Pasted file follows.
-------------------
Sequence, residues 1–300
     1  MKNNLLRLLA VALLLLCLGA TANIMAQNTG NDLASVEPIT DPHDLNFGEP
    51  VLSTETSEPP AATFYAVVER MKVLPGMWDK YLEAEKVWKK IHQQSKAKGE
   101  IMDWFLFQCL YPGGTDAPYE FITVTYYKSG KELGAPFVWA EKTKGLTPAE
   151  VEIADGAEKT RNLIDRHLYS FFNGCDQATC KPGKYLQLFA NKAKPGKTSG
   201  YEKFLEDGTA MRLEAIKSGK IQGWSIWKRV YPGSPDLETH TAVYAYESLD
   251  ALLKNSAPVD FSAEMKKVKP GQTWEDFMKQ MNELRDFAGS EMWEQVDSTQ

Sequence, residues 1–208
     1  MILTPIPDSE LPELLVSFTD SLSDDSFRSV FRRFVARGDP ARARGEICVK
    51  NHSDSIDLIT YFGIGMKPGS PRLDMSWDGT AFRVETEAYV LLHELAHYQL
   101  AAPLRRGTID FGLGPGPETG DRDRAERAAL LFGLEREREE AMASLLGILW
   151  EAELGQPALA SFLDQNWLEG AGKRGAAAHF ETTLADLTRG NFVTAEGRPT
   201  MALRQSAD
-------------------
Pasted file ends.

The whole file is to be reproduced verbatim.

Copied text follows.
Sequence, residues 1–300
     1  MKNNLLRLLA VALLLLCLGA TANIMAQNTG NDLASVEPIT DPHDLNFGEP
    51  VLSTETSEPP AATFYAVVER MKVLPGMWDK YLEAEKVWKK IHQQSKAKGE
   101  IMDWFLFQCL YPGGTDAPYE FITVTYYKSG KELGAPFVWA EKTKGLTPAE
   151  VEIADGAEKT RNLIDRHLYS FFNGCDQATC KPGKYLQLFA NKAKPGKTSG
   201  YEKFLEDGTA MRLEAIKSGK IQGWSIWKRV YPGSPDLETH TAVYAYESLD
   251  ALLKNSAPVD FSAEMKKVKP GQTWEDFMKQ MNELRDFAGS EMWEQVDSTQ

Sequence, residues 1–208
     1  MILTPIPDSE LPELLVSFTD SLSDDSFRSV FRRFVARGDP ARARGEICVK
    51  NHSDSIDLIT YFGIGMKPGS PRLDMSWDGT AFRVETEAYV LLHELAHYQL
   101  AAPLRRGTID FGLGPGPETG DRDRAERAAL LFGLEREREE AMASLLGILW
   151  EAELGQPALA SFLDQNWLEG AGKRGAAAHF ETTLADLTRG NFVTAEGRPT
   201  MALRQSAD